5.1 Claim 1 further recites a particular sequence of steps performed by the system and that
(i) some business objects implement a status function set to interface with the application server to determine whether a change to the business object is allowed and whether the business object has reached a designated status;
(ii) some business objects implement an auditable function set to interface with the application server, the auditable function set including a method to return audit data;
(iii) auditing is performed only if a designated status is achieved; and
(iv) the application server receives the auditing data and stores it in a repository.
5.2 Those features solve the problem of implementing, in the known SOA system, a method fulfilling the non-technical requirements (a) to (d) mentioned above.
5.3 Feature (iii) is directly derived from the business requirement of triggering the audit only if a designated status is achieved (see also requirement (c) under section VIII above).
With regard to the remaining distinguishing features, the Board notes that, at the date of filing of the present application, SOA was a well-known software architectural concept that defined the use of services to support the requirements of software users. Following the associated modelling and design methodology for SOA applications, known by the terms service-oriented analysis and design and SODA (service-oriented development of applications), software developers created common services, which clients or middleware then "orchestrated" to implement processes. Document D5 describes common general knowledge in that area at the date of filing of the present application, including SOA patterns for business applications (see e.g. title, pages 18 and 28).
The Board finds, in line with the contested decision, that it is a matter of customary object-oriented design and programming of a distributed system to establish which methods are necessary, which objects or software components perform them, where data is stored, and how the objects and components interact. The skilled person, using his ordinary skills and his knowledge of SODA to implement a method according to the business requirements in the known SOA system, would consider as an obvious alternative the inclusion of methods supporting auditing and status management functionality in the business objects and the use of the application server to coordinate both services and store the audit data (corresponding to features (i), (ii) and (iv) above). This coordination is similar to that of service brokers used in SOA systems (see D5, page 21, last two lines, and page 55, section titled "Broker and SOA").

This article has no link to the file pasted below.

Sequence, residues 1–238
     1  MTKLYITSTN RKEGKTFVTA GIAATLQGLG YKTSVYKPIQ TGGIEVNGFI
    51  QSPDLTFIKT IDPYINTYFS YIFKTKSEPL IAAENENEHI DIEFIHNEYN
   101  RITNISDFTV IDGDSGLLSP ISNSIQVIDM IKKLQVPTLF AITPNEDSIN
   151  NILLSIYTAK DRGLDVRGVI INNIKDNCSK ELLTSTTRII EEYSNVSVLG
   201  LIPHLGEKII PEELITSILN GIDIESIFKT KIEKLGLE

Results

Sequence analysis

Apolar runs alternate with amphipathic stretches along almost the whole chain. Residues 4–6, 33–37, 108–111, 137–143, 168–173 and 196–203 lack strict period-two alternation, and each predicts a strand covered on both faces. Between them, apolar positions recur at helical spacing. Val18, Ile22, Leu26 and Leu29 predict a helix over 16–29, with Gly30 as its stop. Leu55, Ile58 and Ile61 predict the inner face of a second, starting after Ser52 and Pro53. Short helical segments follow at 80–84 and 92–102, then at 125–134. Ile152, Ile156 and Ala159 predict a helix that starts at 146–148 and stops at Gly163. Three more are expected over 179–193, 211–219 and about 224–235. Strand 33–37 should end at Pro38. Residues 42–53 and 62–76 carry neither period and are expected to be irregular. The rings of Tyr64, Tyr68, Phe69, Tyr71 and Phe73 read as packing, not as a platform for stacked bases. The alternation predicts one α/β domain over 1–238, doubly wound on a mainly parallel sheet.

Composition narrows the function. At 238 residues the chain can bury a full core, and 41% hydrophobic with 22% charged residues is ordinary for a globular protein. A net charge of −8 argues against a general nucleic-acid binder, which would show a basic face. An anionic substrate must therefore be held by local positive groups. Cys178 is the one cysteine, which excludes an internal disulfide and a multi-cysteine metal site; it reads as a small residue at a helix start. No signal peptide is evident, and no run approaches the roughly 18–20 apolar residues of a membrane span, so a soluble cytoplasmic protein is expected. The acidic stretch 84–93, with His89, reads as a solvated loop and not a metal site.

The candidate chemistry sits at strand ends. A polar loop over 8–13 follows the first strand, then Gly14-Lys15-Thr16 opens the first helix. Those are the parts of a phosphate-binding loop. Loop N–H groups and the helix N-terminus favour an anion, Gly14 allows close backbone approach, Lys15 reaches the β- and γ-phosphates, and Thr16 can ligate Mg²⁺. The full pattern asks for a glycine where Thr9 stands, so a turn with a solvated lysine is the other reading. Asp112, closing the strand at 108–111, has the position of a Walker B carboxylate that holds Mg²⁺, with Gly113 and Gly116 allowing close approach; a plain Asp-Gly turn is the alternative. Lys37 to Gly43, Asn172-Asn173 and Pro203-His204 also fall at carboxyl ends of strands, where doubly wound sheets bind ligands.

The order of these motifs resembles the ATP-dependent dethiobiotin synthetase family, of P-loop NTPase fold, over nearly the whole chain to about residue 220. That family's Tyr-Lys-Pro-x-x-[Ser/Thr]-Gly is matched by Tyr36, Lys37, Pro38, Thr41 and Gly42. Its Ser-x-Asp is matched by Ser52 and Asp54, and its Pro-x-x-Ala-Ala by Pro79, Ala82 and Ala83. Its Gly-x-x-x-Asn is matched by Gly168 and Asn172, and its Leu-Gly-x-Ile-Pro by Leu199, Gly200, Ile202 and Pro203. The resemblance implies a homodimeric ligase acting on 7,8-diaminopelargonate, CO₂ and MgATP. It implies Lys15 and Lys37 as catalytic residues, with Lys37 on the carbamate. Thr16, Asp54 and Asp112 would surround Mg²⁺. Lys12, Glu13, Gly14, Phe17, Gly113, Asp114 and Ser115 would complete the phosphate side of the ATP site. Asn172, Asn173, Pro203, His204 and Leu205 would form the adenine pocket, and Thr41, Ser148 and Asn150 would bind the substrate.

In addition, document D5 illustrates that prior-art SOA systems were known that supported "access control of service consumers invoking services" (page 26, "Quality of service aspects", page 281, "Central security control point"), and auditing functions (page 147, "Auditing", pages 230 and 231).
The particular sequence of steps chosen is the result of routine programming by the skilled person given the non-technical constraints. With respect to the feature of determining whether the business object is a status and auditable one, the Board agrees with the appealed decision that such a feature is implicit in a software system, in particular one implemented using object-oriented techniques, since a function can only be called if it is provided.
5.4 With the grounds of appeal the appellant argued that the technical problem solved by the distinguishing features was "how to provide flexible auditing services for any kind of business objects with minimized data transmission accounting for the business constraint that not every change of an object is worth auditing".
The Board, however, follows the contested decision in finding that there are no technical details which ensure that such an effect is achieved, and that the transmission of audit data only when a predetermined condition is met merely reflects business requirements.
Regarding the provision of flexible auditing for any kind of business objects, it is questionable whether it can be recognised from the wording of the claim and whether it constitutes a technical effect. The Board is in any case of the opinion that it corresponds to a well-known advantage of object-oriented design or SODA which would be achieved following standard design methodology.
5.5 From the above it follows that the subject-matter of claim 1 does not involve an inventive step (Articles 52(1) and 56 EPC).
Conclusion
6. Since the sole request on file is not allowable, the appeal is to be dismissed.
Order
For these reasons it is decided that:
The appeal is dismissed.


This decision T 1379/11 (pdf) has European Case Law Identifier:  ECLI:EP:BA:2016:T137911.20161025. The file wrapper can be found here. Illustration "Technical Analysis" by Hardeep Singh obtained via Flickr under CC BY 2.0 license (no changes made).